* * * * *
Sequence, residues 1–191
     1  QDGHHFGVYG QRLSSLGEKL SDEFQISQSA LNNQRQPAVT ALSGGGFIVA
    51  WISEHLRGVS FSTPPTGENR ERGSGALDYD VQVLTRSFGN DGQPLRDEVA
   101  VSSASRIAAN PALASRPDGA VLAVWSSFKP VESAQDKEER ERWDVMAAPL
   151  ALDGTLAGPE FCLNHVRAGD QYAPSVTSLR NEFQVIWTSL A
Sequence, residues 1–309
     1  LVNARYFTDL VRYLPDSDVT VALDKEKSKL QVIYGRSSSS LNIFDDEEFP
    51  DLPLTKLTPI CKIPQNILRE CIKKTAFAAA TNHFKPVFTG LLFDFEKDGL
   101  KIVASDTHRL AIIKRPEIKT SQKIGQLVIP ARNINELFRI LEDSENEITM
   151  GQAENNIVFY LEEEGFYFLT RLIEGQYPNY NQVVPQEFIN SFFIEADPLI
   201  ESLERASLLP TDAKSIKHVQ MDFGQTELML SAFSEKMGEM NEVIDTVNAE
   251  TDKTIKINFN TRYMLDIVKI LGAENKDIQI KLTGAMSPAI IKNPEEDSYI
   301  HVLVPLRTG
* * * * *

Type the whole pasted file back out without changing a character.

Sequence, residues 1–191
     1  QDGHHFGVYG QRLSSLGEKL SDEFQISQSA LNNQRQPAVT ALSGGGFIVA
    51  WISEHLRGVS FSTPPTGENR ERGSGALDYD VQVLTRSFGN DGQPLRDEVA
   101  VSSASRIAAN PALASRPDGA VLAVWSSFKP VESAQDKEER ERWDVMAAPL
   151  ALDGTLAGPE FCLNHVRAGD QYAPSVTSLR NEFQVIWTSL A
Sequence, residues 1–309
     1  LVNARYFTDL VRYLPDSDVT VALDKEKSKL QVIYGRSSSS LNIFDDEEFP
    51  DLPLTKLTPI CKIPQNILRE CIKKTAFAAA TNHFKPVFTG LLFDFEKDGL
   101  KIVASDTHRL AIIKRPEIKT SQKIGQLVIP ARNINELFRI LEDSENEITM
   151  GQAENNIVFY LEEEGFYFLT RLIEGQYPNY NQVVPQEFIN SFFIEADPLI
   201  ESLERASLLP TDAKSIKHVQ MDFGQTELML SAFSEKMGEM NEVIDTVNAE
   251  TDKTIKINFN TRYMLDIVKI LGAENKDIQI KLTGAMSPAI IKNPEEDSYI
   301  HVLVPLRTG